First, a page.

Title

Access is More Than A Ramp: Assessing the Usability of Educational Information Technologies

Presenter Information

Courtney DamronFollow

Presentation Type

Presentation

Abstract

In the past at the University of Montana, architectural barriers to accessibility of the campus environment have closed the door to Post Secondary Higher Education for students with disabilities. Through effective retrofits to the existing facilities and the creation of a Strategic Plan for continued identification, most of these barriers have been removed. Today programmatic barriers to accessibility for students with disabilities have moved into a new space of fragmented accessibility within the virtual environment. Educational materials have transitioned to utilize emerging web technologies and learning management systems. However, presently, an audit has not been conducted o measure the usability and accessibility of these technologies for students with disabilities enrolled on our campus. Building a new web environment that is fully accessible to students with disabilities requires gathering information about the experiences student with disabilities have had using current technologies utilized for completion of coursework. Creating an objective assessment on the usability and navigability of university web technology is an opportunity for students with disabilities to collaborate with qualified university staff to effectively remove barriers and develop lasting measures to assess institutional procurement of future technologies. By conducting a qualitative questionnaire survey with students currently registered with Disability Services at U of M, I will be working to discover and document any barriers that have not been identified and presenting my findings from this research to the campus community in a 25 minute presentation. The need to document these barriers will help to provide the University of Montana with necessary insight for removal and assist the campus community in continued efforts to effectively implement the creation of a campus that is technologically, architecturally, programmatically, and attitudinally accessible to students with disabilities.

Category

Social Sciences

This document is currently not available here.

Share

COinS
 
Apr 11th, 11:00 AM Apr 11th, 11:20 AM

Access is More Than A Ramp: Assessing the Usability of Educational Information Technologies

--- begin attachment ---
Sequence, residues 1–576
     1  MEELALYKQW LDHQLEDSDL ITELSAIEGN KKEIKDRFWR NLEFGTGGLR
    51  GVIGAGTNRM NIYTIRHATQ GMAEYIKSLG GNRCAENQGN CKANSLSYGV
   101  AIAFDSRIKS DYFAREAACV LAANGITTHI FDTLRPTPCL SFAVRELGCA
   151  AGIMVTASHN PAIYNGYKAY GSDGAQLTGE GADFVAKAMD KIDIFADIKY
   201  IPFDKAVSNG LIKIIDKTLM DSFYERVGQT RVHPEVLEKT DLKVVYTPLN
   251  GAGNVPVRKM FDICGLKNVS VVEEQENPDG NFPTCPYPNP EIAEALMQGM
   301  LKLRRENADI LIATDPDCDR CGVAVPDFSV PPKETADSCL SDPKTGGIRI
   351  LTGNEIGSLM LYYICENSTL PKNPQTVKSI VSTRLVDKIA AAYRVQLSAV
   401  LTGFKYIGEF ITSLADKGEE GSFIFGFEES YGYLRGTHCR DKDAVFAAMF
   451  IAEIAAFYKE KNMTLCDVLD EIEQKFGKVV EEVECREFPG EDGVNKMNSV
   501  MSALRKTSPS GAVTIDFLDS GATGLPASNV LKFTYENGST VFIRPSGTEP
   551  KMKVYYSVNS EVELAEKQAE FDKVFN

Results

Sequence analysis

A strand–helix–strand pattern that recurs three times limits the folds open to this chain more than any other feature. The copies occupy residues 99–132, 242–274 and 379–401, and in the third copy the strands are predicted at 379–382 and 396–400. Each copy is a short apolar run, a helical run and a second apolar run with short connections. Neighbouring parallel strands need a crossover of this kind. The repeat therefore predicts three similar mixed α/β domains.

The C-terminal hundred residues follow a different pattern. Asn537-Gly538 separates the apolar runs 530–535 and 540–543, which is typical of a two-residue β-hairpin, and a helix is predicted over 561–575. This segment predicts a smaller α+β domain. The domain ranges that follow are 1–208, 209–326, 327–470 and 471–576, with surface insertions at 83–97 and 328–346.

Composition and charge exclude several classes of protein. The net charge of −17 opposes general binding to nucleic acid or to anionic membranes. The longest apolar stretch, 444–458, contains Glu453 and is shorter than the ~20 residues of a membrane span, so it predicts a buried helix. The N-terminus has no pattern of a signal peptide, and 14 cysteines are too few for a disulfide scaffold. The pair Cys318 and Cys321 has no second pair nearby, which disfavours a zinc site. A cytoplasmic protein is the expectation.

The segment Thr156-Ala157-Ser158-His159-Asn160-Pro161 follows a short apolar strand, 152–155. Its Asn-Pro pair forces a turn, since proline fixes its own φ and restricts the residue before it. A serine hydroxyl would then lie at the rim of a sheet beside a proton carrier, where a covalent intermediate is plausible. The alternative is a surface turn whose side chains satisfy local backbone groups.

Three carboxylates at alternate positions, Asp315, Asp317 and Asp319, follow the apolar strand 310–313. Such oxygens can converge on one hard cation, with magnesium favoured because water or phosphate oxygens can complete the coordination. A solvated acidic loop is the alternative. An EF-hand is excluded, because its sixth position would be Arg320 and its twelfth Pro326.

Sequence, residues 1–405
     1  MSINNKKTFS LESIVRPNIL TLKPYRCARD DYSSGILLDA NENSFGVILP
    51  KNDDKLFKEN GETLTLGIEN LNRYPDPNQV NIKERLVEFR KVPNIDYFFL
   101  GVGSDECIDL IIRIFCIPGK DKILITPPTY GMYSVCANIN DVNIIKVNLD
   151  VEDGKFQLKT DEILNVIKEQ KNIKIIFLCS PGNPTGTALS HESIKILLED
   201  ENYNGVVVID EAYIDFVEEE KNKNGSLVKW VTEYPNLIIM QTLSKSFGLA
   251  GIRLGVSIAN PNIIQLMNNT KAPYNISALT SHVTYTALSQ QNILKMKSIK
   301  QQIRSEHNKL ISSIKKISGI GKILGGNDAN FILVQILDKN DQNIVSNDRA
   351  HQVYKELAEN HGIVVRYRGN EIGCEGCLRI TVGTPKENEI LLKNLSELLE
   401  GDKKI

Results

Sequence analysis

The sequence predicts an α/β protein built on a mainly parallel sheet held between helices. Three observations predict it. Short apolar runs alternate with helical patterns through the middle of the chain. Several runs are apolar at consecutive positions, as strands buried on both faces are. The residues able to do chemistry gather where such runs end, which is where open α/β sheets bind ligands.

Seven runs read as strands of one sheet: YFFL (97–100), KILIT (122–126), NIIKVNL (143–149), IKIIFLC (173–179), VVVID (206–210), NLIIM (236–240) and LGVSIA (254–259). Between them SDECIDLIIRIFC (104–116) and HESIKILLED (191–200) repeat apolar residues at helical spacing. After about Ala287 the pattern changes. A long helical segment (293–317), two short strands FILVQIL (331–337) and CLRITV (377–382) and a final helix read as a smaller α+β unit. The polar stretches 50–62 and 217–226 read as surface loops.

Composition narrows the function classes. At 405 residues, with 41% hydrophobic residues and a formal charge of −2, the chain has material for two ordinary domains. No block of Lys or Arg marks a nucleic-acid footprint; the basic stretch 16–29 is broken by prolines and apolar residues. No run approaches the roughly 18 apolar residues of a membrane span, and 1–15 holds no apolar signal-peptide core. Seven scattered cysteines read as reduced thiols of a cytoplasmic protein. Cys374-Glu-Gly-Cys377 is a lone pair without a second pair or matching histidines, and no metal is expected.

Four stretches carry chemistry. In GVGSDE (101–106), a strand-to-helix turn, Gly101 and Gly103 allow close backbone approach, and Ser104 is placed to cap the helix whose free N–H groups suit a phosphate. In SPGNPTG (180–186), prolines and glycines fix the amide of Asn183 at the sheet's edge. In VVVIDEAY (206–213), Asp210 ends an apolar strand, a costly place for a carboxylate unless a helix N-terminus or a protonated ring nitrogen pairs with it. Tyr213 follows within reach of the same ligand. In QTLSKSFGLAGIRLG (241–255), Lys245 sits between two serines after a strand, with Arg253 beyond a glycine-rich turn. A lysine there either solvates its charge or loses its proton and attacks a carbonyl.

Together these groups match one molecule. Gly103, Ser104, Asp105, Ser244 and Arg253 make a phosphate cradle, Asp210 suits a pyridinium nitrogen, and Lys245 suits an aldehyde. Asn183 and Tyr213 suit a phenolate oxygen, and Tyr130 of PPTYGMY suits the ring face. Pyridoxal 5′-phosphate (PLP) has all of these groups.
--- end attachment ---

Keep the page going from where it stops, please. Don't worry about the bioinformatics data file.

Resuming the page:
In the past at the University of Montana, architectural barriers to accessibility of the campus environment have closed the door to Post Secondary Higher Education for students with disabilities. Through effective retrofits to the existing facilities and the creation of a Strategic Plan for continued identification, most of these barriers have been removed. Today programmatic barriers to accessibility for students with disabilities have moved into a new space of fragmented accessibility within the virtual environment. Educational materials have transitioned to utilize emerging web technologies and learning management systems. However, presently, an audit has not been conducted o measure the usability and accessibility of these technologies for students with disabilities enrolled on our campus. Building a new web environment that is fully accessible to students with disabilities requires gathering information about the experiences student with disabilities have had using current technologies utilized for completion of coursework. Creating an objective assessment on the usability and navigability of university web technology is an opportunity for students with disabilities to collaborate with qualified university staff to effectively remove barriers and develop lasting measures to assess institutional procurement of future technologies. By conducting a qualitative questionnaire survey with students currently registered with Disability Services at U of M, I will be working to discover and document any barriers that have not been identified and presenting my findings from this research to the campus community in a 25 minute presentation. The need to document these barriers will help to provide the University of Montana with necessary insight for removal and assist the campus community in continued efforts to effectively implement the creation of a campus that is technologically, architecturally, programmatically, and attitudinally accessible to students with disabilities.